On the first Thursday of February, reality starts to sink in for some student-athletes. National signing day is over. The player ranking lists no longer appear in the paper. The reporters are gone. No more calls from college coaches promising fame and fortune.
Now is the time when student-athletes make their last push to meet the NCAA initial eligibility requirements to receive the scholarship they’ve signed for. Some of them won’t make it.
To meet the NCAA initial eligibility requirements to receive a division I scholarship, student-athletes must graduate from high school, earn 16 credits in NCAA approved core courses, earn a qualifying score on a college entrance exam (SAT or ACT), and be certified as an amateur athlete.
Most college coaches will agree that the reason many student-athletes don’t meet these requirements is because they didn’t know the academic requirements existed until it was too late. The academic requirements for eligibility begin in the 9th grade, however, most student-athletes don’t find out about the requirements until they receive interest from a college coach which, more than likely, will be in their junior or senior year. By then, at least half of their high school career is gone and their GPA in the NCAA approved core courses is pretty much set.
This GPA is important because the NCAA uses a sliding scale to determine the SAT or ACT score that a student-athlete must earn in order to qualify. The lower the core GPA, the higher the required test score.
In the past, student-athletes that were found to be in jeopardy of not qualifying had a number of remedies such as taking on-line courses or receiving individualized instruction to earn the required credits and increase their core GPA (as documented in the movie The Blind Side starring Sandra Bullock).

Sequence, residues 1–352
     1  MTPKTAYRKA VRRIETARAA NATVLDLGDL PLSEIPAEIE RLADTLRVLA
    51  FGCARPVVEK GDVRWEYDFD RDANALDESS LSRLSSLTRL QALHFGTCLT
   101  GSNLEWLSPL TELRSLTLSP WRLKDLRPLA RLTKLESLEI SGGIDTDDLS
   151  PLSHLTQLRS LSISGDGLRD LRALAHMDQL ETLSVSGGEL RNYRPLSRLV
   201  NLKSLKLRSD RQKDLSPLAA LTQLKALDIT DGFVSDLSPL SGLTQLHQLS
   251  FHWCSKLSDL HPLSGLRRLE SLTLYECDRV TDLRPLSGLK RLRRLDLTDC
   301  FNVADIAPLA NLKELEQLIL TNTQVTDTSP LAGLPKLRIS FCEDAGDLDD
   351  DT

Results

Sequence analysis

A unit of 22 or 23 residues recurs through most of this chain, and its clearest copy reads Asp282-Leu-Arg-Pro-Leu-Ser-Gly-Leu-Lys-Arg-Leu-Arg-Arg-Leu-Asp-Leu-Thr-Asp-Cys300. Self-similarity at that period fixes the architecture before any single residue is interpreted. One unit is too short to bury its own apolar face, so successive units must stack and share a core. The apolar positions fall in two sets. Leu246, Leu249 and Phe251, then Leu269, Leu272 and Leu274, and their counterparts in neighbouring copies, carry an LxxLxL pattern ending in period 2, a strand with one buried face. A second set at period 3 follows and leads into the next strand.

This loophole has been closed. The requirements for non-traditional courses have been modified so it is much more difficult to receive credit for courses not taken in the classroom.
Each year, approximately 7% of the 150,000 certifications that are processed by the NCAA Eligibility Center are deemed academic non-qualifiers. The sad part is that many of these athletes bet their future on their athletic ability and if that opportunity doesn’t happen, they have no backup plan.
Sure they can try going to junior college, but statistics show that half of all inner city youth that enter junior college, drop out in the first year. It’s ludicrous to think that these student-athletes are going to suddenly place the necessary focus on education when they haven’t done so in the past.
This summer, when the NCAA Eligibility Center makes the final determination on the eligibility status of student-athletes, more people will wish they would have heard about this process much earlier in their high school career.
So, as you read about your favorite college’s stellar recruits, be aware that some of them may not be there when the fall season starts…and now you know why.